Personal Email at Work

I’ve been asked several times recently about personal emails on work IT systems.

I’ve been doing a bit of work to assemble some information on the issue and cut through some of the assumptions that are made.

I should make it clear that I am not a lawyer, and that even if I was, I wouldn’t be your lawyer, so seek advice if you are unsure or feel that your circumstances are unusual.  This article is intended more as a common-sense guide to the main issues.  I should also make it clear that I am talking about the situation in the UK only.

There is a (mistaken) view in some quarters that – if an employee does something on a work computer then the employer ‘owns’ the data and therefore has an automatic right to read it. In Europe, there is clear case law (derived from article 8 of the European Convention on Human Rights) that allows an employee a degree of privacy – even when using company systems to send personal communication.   Especially if they haven’t been told that monitoring may take place (and therefore have a greater expectation of privacy that might lead them to be less cautious about what they say).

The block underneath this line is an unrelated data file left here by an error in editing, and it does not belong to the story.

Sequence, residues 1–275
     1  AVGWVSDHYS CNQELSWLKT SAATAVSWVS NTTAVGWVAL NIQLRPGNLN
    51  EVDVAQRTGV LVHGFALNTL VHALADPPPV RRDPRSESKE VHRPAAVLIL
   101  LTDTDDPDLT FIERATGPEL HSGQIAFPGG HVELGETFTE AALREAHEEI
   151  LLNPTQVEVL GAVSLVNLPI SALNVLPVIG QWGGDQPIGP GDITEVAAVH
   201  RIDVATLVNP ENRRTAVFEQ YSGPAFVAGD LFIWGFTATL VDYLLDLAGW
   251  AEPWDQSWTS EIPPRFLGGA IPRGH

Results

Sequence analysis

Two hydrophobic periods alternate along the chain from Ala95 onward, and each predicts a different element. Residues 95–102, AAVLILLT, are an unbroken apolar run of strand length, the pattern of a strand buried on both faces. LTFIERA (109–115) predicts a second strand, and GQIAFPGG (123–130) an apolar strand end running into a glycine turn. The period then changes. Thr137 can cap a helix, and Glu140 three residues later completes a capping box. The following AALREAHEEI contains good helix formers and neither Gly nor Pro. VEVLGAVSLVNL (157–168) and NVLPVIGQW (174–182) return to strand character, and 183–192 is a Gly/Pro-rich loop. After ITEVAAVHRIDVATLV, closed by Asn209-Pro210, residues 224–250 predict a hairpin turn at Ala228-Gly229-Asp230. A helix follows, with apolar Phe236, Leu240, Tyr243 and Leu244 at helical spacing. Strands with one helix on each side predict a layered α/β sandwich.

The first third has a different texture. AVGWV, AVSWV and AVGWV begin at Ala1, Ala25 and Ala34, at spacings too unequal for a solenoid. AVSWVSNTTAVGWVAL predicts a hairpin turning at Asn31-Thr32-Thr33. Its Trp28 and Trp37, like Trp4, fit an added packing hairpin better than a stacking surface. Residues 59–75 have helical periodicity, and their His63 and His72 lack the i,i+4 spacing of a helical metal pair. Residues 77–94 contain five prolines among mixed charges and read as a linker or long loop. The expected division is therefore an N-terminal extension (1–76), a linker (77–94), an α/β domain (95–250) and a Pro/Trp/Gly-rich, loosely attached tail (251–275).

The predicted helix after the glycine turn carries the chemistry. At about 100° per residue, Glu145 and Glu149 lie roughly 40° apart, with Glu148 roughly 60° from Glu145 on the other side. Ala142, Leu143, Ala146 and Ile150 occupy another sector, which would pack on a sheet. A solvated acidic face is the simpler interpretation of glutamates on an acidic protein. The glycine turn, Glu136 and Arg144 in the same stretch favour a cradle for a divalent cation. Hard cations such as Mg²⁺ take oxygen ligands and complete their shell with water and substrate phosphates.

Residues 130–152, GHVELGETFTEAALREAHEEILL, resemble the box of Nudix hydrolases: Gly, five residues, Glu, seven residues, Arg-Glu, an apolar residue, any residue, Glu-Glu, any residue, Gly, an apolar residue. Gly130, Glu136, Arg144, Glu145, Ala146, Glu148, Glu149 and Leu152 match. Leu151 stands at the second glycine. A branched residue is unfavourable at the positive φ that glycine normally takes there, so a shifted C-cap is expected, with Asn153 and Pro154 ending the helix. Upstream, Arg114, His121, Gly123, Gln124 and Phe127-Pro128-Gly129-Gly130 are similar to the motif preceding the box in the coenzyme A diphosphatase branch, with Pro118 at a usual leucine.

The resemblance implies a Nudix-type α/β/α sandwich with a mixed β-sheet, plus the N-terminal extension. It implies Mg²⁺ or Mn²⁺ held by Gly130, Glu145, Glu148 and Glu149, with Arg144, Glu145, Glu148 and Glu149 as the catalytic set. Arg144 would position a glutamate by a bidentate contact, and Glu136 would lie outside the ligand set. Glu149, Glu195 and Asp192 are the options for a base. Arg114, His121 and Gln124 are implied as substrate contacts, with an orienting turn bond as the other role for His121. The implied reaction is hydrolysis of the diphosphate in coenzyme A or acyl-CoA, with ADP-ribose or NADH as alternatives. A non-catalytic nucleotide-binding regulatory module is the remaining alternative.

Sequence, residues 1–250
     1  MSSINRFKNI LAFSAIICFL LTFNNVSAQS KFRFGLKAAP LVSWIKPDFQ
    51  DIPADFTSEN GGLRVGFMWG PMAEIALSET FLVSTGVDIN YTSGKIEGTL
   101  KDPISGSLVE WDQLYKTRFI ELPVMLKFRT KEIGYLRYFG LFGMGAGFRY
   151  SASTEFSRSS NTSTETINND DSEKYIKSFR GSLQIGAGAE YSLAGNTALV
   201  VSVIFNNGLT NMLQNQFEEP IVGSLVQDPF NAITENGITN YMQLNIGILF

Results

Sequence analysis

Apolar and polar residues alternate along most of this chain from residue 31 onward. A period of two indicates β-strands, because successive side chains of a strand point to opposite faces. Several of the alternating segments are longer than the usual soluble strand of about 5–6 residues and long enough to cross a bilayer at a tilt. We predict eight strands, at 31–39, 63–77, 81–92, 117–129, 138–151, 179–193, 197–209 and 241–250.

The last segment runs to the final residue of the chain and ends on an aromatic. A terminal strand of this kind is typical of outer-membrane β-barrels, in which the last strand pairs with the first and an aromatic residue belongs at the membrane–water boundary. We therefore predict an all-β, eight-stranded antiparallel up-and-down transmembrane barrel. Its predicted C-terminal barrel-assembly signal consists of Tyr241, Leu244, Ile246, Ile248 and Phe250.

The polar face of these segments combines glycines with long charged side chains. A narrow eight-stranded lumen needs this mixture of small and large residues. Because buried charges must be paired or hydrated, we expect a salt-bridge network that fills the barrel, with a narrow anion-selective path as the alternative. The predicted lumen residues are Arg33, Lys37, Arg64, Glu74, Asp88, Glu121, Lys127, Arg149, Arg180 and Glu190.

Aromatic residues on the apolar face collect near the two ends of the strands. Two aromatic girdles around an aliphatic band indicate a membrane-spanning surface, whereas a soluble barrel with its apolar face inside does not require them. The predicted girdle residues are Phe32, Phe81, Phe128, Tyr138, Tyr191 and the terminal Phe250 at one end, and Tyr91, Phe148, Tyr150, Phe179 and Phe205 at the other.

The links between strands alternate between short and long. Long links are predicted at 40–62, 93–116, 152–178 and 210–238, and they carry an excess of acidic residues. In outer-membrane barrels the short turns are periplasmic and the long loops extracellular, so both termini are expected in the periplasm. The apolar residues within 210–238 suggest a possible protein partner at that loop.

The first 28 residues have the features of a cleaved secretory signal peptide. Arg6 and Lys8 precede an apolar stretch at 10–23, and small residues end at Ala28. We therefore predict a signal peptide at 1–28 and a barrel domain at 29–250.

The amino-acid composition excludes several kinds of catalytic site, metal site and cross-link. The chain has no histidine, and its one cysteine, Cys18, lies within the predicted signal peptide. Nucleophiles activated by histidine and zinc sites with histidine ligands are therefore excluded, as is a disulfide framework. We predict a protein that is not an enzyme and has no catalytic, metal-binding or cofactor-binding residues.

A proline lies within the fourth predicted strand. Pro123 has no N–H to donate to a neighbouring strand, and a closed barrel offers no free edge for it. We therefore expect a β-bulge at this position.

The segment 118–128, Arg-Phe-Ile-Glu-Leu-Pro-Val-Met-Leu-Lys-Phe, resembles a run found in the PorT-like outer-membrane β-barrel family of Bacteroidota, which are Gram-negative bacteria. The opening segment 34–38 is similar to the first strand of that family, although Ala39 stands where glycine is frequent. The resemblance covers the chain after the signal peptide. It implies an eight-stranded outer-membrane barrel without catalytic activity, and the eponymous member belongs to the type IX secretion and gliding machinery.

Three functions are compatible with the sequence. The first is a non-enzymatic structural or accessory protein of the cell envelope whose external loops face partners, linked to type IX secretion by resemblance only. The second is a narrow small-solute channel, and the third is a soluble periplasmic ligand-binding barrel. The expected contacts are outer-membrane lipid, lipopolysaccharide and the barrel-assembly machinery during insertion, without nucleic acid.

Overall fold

Needless to say – there are grey areas. There is no one single clear statute that sorts it all out for us!   Instead, you have to navigate the interactions of:

  • Human Rights Act 1998,
  • The Data Protection Act 1998,
  • The Telecommunications (Lawful Business Practice) (Interception of Communications) Regulations 2000,
  • Regulation of Investigatory Powers Act 2000  (RIPA)

As an employer, you do NOT have an absolute right to read an employees personal emails.  In fact RIPA now actually makes it a criminal offence to intercept (i.e. read) emails without ‘lawful authority’ (Yes, even when you own the email system on which the communication is taking place).